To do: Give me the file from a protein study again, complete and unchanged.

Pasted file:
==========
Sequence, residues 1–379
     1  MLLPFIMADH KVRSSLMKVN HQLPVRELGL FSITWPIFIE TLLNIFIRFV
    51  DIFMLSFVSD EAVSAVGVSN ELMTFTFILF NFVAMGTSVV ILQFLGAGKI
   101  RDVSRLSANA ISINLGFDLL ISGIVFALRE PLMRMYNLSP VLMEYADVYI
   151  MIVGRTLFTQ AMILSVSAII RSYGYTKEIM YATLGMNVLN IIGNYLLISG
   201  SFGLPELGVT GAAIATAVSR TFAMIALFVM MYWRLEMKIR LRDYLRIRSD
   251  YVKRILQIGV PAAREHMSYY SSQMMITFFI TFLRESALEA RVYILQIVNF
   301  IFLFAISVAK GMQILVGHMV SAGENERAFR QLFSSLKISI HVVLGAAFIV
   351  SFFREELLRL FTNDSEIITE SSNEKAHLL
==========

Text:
Sequence, residues 1–379
     1  MLLPFIMADH KVRSSLMKVN HQLPVRELGL FSITWPIFIE TLLNIFIRFV
    51  DIFMLSFVSD EAVSAVGVSN ELMTFTFILF NFVAMGTSVV ILQFLGAGKI
   101  RDVSRLSANA ISINLGFDLL ISGIVFALRE PLMRMYNLSP VLMEYADVYI
   151  MIVGRTLFTQ AMILSVSAII RSYGYTKEIM YATLGMNVLN IIGNYLLISG
   201  SFGLPELGVT GAAIATAVSR TFAMIALFVM MYWRLEMKIR LRDYLRIRSD
   251  YVKRILQIGV PAAREHMSYY SSQMMITFFI TFLRESALEA RVYILQIVNF
   301  IFLFAISVAK GMQILVGHMV SAGENERAFR QLFSSLKISI HVVLGAAFIV
   351  SFFREELLRL FTNDSEIITE SSNEKAHLL